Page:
Criminal Defense of Immigrants


§ 8.50 (A)

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(A)  Factual Admissions.  Because of the rule that factual admissions of the defendant made during the plea colloquy constitute a part of the record of conviction,[107] the facts of the offense admitted in the plea agreement by the defendant as being true constitute part of the record of conviction for purposes of determining which offense, within a divisible statute, constitutes the offense of conviction.  See § 16.24, infra.


It is therefore urgent to take special care in drafting this portion of the plea agreement to ensure that the defendant does not admit as true any fact that would bring the conviction within a ground of deportation.  See § § 8.63-8.67, infra.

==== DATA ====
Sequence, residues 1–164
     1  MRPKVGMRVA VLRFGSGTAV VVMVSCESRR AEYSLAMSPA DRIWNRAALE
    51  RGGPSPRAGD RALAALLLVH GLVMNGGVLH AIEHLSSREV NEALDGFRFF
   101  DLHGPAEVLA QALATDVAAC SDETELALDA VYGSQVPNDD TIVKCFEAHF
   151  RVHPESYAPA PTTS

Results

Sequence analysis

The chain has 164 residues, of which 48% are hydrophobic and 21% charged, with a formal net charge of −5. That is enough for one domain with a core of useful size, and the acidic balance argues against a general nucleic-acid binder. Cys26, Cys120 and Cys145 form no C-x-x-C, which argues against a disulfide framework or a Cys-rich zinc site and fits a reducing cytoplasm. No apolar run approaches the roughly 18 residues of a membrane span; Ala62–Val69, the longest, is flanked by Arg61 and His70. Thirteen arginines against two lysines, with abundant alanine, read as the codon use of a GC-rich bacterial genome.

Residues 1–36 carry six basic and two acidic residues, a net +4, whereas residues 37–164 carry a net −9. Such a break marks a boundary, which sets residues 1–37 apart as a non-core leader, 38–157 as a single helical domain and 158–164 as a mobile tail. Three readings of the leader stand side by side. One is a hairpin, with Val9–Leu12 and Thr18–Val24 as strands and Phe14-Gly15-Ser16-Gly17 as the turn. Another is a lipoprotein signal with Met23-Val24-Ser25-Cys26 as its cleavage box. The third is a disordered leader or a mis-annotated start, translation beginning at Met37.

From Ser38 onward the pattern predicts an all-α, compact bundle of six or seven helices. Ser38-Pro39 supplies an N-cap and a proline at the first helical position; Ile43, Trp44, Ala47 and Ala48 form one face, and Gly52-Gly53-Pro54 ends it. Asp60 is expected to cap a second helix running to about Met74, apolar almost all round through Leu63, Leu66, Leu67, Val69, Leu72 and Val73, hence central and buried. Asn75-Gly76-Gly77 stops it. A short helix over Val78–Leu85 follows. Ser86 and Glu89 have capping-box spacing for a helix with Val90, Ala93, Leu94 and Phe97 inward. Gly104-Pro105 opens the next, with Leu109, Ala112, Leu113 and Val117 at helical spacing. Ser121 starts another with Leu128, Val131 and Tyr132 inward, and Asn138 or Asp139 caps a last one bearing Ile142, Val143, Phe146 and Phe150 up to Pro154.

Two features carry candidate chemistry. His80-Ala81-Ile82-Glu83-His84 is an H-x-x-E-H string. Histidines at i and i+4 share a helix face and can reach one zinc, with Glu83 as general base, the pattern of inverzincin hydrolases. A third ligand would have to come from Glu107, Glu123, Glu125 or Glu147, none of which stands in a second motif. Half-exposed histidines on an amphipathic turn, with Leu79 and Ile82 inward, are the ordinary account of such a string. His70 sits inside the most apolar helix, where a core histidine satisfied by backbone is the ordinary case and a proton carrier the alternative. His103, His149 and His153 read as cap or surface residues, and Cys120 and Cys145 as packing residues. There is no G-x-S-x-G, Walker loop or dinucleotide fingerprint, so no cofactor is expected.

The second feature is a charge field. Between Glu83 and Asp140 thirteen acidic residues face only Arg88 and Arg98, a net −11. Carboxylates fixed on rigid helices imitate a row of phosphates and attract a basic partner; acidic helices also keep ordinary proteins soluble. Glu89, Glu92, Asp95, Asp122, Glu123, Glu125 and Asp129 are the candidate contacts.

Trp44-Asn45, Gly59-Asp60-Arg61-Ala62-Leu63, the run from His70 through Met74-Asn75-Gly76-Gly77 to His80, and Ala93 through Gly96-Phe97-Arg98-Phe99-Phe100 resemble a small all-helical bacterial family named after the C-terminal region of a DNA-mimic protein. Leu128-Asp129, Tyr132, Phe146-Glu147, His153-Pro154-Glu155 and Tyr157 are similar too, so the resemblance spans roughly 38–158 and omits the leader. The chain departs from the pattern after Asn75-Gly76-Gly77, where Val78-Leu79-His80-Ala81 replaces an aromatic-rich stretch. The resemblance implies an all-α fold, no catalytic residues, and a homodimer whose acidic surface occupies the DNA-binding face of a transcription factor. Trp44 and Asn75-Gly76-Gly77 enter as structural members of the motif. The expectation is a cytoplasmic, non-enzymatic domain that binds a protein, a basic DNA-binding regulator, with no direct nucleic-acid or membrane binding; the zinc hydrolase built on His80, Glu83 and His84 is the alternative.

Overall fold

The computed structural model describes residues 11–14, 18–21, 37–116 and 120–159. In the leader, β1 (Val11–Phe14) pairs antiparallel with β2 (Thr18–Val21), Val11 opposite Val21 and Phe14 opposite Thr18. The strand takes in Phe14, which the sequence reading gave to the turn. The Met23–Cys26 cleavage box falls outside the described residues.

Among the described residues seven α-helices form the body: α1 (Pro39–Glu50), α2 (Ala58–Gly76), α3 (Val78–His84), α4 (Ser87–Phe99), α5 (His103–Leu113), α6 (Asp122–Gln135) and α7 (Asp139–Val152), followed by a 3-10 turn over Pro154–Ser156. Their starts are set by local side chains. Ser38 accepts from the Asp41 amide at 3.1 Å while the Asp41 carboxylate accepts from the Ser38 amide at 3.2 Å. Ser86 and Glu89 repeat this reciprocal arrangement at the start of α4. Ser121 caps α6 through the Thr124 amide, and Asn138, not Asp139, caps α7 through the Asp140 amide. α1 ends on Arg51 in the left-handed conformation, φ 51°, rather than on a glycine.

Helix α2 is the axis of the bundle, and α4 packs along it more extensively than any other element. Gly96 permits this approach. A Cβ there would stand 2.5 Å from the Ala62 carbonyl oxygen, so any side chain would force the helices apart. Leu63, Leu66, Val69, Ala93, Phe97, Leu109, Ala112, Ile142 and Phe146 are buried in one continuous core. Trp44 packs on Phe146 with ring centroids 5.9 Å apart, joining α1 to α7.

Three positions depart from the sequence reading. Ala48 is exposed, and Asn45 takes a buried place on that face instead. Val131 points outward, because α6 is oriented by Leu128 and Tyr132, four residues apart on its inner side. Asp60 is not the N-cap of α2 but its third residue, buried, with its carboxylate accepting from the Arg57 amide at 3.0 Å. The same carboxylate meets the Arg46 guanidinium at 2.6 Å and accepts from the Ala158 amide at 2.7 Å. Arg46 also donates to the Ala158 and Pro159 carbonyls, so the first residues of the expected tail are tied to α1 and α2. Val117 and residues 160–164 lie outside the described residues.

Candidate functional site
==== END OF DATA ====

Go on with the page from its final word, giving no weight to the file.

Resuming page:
[107] Chanmouny v. Ashcroft, 376 F.3d 810 (8th Cir. July 16, 2004) (defendant’s factual admissions during plea hearing may be used to identify particular elements of divisible statute that form the offense of conviction); Matter of Madrigal, 21 I. & N. Dec. 323 (BIA 1996) (admission by the defendant during plea hearing that weapon was a firearm); Matter of Mena, 17 I. & N. Dec. 38 (BIA 1979) (even though the rest of the record of conviction contained no reference identifying the particular drug involved, the defendant’s admission he possessed heroin, contained in the reporter’s transcript of the guilty plea hearing, was sufficient to establish that the drug possessed was proscribed by federal law), distinguishing Matter of Cassisi, 10 I. & N. Dec. 136 (BIA 1963).  See also Shepard v. United States, 125 S.Ct. 1254, 1263 (Mar. 7, 2005).